Most town histories of Geneseo begin with a paragraph or two about the fact that the Senecas inhabited this land prior to European colonization, and these histories then simply discuss the arrival of the Wadsworth brothers around 1790. However there is clearly a longer, more complex story between the Senecas living here, and the Wadsworth brothers arriving.

Every town that took over native land has a generally accepted myth, which describes how the land was transferred from natives to settlers. In many of these myths, the natives just disappear at a certain point. In Geneseo that point was after the 1797 signing of The Treaty of Big Tree.

Legend has it that in 1779, during the Revolutionary war, George Washington sent Generals Sullivan and Clinton on an “expedition…against the hostile Indian tribes of the north” (Norton, V), who were allied with the British against the colonies. Generals Sullivan and Clinton used a “scorched-earth policy,” meaning they entered native villages and burned all the homes and fields to the ground, which would force the natives to move off of the land that the colonists wanted to claim.  Doty writes, “As a measure of future security to the settlements it fully accomplished its object; this attained, red men and white alike briefly quit the region; the former, save as a broken remnant, never to return” (Doty, 22) Many of the natives retreated and took refuge at a fort in the north.

The history of the Geneseo region is quiet for a few years, until Col. Jeremiah Wadsworth bought the land and sent his two younger relatives, James and William Wadsworth, to cultivate the land in 1790. They are considered the first settlers of the Geneseo area, and many buildings and streets around the town were given the Wadsworth name.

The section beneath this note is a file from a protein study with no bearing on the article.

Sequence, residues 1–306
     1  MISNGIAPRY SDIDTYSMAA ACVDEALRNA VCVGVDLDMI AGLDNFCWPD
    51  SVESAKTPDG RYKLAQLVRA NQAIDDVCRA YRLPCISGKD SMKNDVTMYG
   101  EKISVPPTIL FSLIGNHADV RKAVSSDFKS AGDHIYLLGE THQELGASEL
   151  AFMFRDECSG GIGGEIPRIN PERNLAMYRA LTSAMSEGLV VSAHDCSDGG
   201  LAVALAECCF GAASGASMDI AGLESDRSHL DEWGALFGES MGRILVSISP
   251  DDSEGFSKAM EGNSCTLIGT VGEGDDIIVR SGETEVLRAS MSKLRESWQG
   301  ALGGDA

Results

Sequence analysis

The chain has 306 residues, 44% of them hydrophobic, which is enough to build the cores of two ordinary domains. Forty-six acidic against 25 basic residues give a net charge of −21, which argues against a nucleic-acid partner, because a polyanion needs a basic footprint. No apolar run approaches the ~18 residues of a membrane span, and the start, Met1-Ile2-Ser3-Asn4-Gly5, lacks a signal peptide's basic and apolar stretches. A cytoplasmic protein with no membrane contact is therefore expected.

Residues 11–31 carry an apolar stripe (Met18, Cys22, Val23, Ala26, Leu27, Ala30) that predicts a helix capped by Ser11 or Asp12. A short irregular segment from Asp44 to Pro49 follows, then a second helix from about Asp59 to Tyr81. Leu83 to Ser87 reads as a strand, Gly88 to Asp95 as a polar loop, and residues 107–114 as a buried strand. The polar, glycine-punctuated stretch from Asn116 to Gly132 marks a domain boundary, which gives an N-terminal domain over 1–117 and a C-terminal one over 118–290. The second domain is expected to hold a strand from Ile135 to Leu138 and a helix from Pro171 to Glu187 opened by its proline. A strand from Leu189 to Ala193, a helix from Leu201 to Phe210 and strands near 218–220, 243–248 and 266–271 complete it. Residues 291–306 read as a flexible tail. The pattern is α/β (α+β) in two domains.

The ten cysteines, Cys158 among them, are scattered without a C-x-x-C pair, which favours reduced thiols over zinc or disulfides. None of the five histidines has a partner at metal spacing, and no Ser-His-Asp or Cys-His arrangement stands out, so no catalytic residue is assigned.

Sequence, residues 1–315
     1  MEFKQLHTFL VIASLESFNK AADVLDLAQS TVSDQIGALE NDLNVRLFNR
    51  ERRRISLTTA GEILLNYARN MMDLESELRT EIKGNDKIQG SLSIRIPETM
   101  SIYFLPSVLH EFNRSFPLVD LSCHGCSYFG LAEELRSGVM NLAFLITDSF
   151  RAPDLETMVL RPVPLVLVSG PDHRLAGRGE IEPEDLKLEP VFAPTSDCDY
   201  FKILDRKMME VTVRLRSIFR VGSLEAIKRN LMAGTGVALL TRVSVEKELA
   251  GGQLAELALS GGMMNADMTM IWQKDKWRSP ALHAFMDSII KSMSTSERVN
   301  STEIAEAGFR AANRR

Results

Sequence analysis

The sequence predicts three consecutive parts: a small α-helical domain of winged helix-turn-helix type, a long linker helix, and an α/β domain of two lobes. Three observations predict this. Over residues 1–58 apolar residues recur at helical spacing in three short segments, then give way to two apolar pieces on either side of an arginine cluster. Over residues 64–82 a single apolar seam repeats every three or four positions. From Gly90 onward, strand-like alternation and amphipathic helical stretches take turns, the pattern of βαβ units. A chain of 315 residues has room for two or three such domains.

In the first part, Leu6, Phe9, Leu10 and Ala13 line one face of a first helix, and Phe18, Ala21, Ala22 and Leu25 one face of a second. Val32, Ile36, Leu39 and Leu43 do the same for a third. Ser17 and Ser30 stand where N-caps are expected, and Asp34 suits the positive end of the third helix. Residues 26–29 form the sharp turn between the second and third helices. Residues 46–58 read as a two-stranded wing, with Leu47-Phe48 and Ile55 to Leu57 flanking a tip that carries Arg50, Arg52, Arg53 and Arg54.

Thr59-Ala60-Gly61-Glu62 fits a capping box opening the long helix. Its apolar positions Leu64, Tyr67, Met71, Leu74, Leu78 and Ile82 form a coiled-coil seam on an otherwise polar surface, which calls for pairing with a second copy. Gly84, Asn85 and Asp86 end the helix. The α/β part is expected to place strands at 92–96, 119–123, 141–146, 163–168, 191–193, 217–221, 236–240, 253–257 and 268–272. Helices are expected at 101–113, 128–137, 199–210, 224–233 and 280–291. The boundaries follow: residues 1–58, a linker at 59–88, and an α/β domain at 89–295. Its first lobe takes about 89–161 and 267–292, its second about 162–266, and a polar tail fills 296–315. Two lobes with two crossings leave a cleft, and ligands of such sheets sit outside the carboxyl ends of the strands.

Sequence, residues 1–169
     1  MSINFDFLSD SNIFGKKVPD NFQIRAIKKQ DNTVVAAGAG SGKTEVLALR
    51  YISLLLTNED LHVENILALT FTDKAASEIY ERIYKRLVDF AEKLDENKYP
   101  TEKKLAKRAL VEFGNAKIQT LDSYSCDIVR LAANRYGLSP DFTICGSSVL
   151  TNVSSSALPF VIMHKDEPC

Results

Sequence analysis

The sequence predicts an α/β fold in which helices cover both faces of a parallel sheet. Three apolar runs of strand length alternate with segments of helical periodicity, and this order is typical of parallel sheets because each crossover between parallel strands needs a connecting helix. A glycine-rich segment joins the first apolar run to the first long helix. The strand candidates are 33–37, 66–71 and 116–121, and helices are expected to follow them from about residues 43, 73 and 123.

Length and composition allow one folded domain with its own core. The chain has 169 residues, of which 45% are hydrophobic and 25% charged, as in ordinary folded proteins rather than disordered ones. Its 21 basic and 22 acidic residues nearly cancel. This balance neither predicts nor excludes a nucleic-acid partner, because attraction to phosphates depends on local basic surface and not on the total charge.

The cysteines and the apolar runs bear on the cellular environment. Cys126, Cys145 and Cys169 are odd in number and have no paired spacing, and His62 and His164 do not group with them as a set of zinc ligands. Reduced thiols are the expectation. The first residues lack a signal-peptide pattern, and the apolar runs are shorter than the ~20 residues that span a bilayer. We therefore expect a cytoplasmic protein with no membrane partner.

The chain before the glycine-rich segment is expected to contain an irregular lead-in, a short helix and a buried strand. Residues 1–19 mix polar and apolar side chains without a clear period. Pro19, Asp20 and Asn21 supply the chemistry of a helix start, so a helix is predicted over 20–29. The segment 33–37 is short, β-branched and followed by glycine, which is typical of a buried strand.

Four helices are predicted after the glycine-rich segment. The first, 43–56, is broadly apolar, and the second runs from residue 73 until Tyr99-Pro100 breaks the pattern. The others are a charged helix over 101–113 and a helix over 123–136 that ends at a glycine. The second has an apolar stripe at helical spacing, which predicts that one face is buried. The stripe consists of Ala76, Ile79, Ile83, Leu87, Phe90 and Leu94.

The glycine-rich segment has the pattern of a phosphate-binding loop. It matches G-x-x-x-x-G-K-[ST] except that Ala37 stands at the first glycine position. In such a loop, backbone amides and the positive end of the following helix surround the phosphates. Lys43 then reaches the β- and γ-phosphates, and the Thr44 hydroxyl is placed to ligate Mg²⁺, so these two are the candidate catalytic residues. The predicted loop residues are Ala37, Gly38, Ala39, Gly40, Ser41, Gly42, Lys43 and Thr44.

In 1797 the Wadsworths acted as representatives for the federal government at the Treaty of Big Tree. This treaty was paramount to the European settlement of this area, because the treaty effectively robbed the Senecas of the rest of their land in New York State, except for their reservations.

 “…One other piece or parcel at Big Tree, of two square miles, to be laid out in such a manner as to include the village, extending in breadth along the river one mile…”

-Treaty of Big Tree

The myth of Geneseo then is that after 1797 and the Treaty of Big Tree, natives in the area just disappeared. Effectively, the story says that during the Revolutionary War Generals Sullivan and Clinton burned down all the native villages, the natives fled to Canada or Buffalo or Wisconsin, and any that remained were robbed of their land in the following decades through treaties with the state and federal governments, and European encroachments. …

Sources:

Doty, Lockwood R. History of Livingston County, New York. W. J. Van Deusen, Publisher. 1905

NORTON, A TIFFANY. HISTORY OF SULLIVAN’S CAMPAIGN AGAINST THE IROQUOIS: Being a Full Account of That Epoch … (Classic Reprint). FORGOTTEN BOOKS, 2015.

Wadsworth, H. A. Two Hundred and Fifty Years of the Wadsworth Family in America Containing an Account of the Family Reunion, at Duxbury, Mass., September 13, 1882, and a Genealogical Register, Prepared Expressly for This Work. 1883.

So, how did SUNY Geneseo get established here, and what is it like to live there now?

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